HD, DAB, and Teens: The New Stuff

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Hello, Internet! In the wake of taking an extra day off for Memorial Day, I thought I might supply a roundup of a few different stories that caught my eye over the break. Here are my top three — a purely personal designation.

According to a press release I discovered on News Blaze, the new HD chipsets are going out. This is fantastic news for HD devotees as it will continue to drop the prices and upgrade the availability of HD ready devices.

As of this week, both Samsung and SiPort are now in general availability of next-generation HD Radio chipsets, shipping to dozens of receiver makers covering both the automotive and home/office markets. In January, Samsung disclosed sampling of a new generation of HD Radio chipsets to select customers.

Both the chipsets are enabling lower-power HD Radio receiver designs as well as smaller form-factors. These mobile devices will span both automotive and non-automotive applications. The Samsung chipset features an innovative single-chip RF-IF peripheral processor, a baseband processor, and achieves the coveted “no filter” concept. It supports a rich feature set, including conditional access, store & replay, traffic &navigation. For its part, SiPort’s single-chip solution has been designed specifically for low-power, high-performance portables outside of the automotive market such as portable GPS devices. TSMC is fabricating the chipset.

The original press release contains much more, including info on the software advances that go along with the new hardware. Certainly worth a look!

Now digital radio is not just a concern here in the USA. Its first cousin in Europe (DAB) is also experiencing both evolution and growing pains. Amanda Andrews at The Times Online brings us news of a new device which is seen as a possible savior for the troubled format:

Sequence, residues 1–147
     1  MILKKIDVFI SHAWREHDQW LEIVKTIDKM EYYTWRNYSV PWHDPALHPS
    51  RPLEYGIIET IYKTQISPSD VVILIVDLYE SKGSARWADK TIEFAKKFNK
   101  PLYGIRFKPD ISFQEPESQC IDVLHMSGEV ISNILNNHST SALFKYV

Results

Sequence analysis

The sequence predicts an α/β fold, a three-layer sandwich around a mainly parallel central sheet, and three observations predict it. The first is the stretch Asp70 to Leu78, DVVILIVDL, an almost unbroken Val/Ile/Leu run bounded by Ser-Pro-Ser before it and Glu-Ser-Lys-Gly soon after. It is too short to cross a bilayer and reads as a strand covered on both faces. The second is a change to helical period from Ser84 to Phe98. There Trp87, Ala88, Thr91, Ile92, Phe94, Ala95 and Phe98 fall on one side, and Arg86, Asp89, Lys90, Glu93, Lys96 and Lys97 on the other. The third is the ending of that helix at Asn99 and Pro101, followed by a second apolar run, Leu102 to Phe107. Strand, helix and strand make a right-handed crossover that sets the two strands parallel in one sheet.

A new electronic device that enables mobile phone users to plug into digital radio will rescue digital audio broadcasting, Channel 4 Radio believes.

The broadcaster, set to launch digital station E4 Radio this year, is in talks with electronics manufacturers to create a branded plug-in DAB device for iPods and mobile phones. The move comes as DAB radio take-up has been slow with the device facing numerous challenges in recent months.

Sources told The Times that, while talks with manufacturers were at an early stage, the broadcaster is keen to create an E4 or Channel 4-branded device that will cost no more than £20. Channel 4 would market the plug-in to young people alongside its new digital stations.

Ms. Andrews provides a nice recap of some of the struggles Radio 4 and DAB have undergone so far, particularly the announcement last February that GCap (the largest commercial radio group in the UK) was backing out of digital radio. For details check out the full article here.

After all that technical stuff, let’s take a look at the flip-side: the human element. Tony Ganzer, Morning Edition producer for KJZZ-FM (91.5) penned a nice little article over on The Arizona Republic about the Sonic Roots Program that he helps run:

Along with my duties as KJZZ’s morning producer, I also steer the Sonic Roots program. I introduce students to public radio and to the skill of creating a three-minute, sound-rich radio feature. The topic is chosen by the students, and interviews are conducted mostly by the students (with a follow-up question or two from me.) And after the work, the students make it to air. The shows can be heard at kjzz.org/news.